By grace of God so far, only three out of thirty-one events on my schedule have been either canceled or reset to the online/webinar format due to the coronavirus quarantine. Interestingly, the people in https://sigma-instruments.com/kamagra-sildenafil-uk-15300/ personal development plan essay college writing services https://www.myrml.org/outreach/statistics-help-for-students/42/ enter my friend essay follow site sample thesis in nursing research lyrics for cialis commercial go best biography editing website au help with biology homework ielts writing an essay pearson neyman hypothesis testing enter go here http://www.chesszone.org/lib/term-paper-crossword-4135.html example of essay with harvard referencing write a short essay about london moscow richard 111 essay topics where to buy a book report paper topics to write a persuasive essay on dapoxetine youtube see go site watch abstract example for thesis click https://web.ics.purdue.edu/~asub/?doc=postdoctoral-research-proposal tips on essay writting Kuzbass where I was teaching during my first week were not as concerned about it as Moscovites are. All my trainings in Kemerovo and in Novokuznetsk went as scheduled and the audiences were always full and engaged in the topic we were discussing – the historic foundations of Christian faith.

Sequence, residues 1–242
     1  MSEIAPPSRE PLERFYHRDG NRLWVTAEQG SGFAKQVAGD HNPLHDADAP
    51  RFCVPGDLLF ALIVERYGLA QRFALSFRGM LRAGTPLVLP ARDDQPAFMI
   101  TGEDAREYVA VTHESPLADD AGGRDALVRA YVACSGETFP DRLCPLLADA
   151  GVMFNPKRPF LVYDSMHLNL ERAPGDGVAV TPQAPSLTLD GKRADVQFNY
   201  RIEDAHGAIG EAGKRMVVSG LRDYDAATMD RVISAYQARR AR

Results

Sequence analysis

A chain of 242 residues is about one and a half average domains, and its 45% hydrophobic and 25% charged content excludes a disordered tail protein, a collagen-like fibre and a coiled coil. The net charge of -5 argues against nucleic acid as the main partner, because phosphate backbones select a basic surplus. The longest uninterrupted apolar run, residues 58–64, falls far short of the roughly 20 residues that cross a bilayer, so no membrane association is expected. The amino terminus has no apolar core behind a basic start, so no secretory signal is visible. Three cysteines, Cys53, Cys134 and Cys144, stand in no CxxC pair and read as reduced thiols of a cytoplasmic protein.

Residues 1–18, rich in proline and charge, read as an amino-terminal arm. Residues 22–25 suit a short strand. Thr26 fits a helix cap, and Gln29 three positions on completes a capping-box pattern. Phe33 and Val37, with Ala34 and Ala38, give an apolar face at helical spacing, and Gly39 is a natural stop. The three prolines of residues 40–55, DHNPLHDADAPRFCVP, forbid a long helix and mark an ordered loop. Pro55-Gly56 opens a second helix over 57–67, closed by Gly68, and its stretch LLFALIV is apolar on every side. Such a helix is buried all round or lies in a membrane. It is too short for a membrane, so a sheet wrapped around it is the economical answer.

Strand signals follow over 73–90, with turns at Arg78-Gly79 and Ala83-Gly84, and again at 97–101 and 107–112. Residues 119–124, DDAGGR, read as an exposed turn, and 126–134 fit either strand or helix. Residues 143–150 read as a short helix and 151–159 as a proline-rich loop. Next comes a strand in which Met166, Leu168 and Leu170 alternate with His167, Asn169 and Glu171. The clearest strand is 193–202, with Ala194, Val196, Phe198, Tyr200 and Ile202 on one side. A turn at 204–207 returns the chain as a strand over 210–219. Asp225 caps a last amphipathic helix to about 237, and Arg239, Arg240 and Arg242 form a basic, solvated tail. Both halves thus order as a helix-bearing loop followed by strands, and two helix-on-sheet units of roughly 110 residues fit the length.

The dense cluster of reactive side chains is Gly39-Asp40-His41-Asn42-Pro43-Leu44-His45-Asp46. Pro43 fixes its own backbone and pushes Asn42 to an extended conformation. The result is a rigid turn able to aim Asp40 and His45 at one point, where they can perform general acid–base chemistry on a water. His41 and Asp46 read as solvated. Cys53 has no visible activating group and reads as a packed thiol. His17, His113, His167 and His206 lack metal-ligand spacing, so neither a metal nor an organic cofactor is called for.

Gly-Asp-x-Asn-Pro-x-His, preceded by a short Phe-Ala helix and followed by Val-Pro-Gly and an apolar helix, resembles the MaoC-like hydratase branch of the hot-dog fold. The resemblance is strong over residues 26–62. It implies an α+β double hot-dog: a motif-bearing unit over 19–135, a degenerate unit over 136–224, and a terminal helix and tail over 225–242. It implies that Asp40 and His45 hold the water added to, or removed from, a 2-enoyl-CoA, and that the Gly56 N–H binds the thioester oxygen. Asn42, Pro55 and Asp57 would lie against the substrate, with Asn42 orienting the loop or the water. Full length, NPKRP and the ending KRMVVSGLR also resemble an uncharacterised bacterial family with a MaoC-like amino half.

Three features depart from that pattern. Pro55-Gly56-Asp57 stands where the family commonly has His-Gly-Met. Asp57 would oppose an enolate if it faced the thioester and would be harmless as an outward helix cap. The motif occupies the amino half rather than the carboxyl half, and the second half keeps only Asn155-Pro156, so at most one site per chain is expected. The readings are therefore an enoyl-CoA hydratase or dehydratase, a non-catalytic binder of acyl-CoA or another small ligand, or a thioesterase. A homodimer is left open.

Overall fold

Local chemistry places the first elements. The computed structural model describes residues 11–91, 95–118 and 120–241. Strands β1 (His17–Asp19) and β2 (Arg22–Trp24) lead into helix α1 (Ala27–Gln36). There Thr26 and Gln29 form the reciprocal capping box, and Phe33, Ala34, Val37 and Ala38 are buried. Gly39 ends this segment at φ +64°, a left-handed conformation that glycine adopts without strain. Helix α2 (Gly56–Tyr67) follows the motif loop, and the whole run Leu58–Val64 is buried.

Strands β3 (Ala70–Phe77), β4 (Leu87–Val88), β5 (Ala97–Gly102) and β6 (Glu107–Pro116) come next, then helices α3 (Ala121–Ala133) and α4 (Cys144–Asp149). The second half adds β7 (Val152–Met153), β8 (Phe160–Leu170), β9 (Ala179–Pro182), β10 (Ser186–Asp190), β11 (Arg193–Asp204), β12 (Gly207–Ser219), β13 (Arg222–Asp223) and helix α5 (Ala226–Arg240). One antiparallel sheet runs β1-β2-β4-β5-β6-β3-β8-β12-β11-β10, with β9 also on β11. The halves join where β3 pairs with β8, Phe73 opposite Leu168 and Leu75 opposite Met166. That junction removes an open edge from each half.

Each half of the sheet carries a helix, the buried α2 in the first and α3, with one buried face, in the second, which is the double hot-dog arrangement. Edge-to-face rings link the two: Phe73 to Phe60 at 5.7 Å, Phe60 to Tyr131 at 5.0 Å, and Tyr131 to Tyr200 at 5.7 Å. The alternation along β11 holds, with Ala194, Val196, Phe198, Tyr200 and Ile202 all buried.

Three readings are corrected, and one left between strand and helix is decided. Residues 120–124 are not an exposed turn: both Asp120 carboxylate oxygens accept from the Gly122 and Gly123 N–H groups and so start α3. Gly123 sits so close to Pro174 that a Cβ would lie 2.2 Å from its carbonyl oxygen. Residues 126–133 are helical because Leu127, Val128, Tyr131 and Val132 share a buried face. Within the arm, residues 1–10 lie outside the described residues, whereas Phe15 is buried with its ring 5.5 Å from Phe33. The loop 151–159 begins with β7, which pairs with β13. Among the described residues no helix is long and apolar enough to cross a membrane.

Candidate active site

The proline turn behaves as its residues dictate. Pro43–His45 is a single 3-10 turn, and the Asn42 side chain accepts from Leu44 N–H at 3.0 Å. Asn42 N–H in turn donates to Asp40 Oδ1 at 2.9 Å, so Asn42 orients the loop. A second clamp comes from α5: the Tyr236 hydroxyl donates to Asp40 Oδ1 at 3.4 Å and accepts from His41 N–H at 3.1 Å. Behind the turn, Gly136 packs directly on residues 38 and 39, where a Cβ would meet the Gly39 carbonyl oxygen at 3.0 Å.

Not so in Moscow. By the grace of God, my lecture at the St. Tikhon’s Orthodox University yesterday afternoon was the last one for the students who were all sent home until further notice. I was already on my way to the lecture at Moscow Academic Arts College this morning when they sent me a cancellation note, resetting it to the time of my next teaching trip in May. I also had to cancel a diocese training in Kaliningrad and switch their teachers’ training to the webinar mode for later this week due to the emergency regulations in place: no public gatherings over 12 people in the room.
However, most of my ministry partners read those instructions in the way that still allows me to hold the events and to continue teaching even at schools, churches, and conferences. As they say here, “The rigor of the Russian laws is balanced by the optionality of following them.”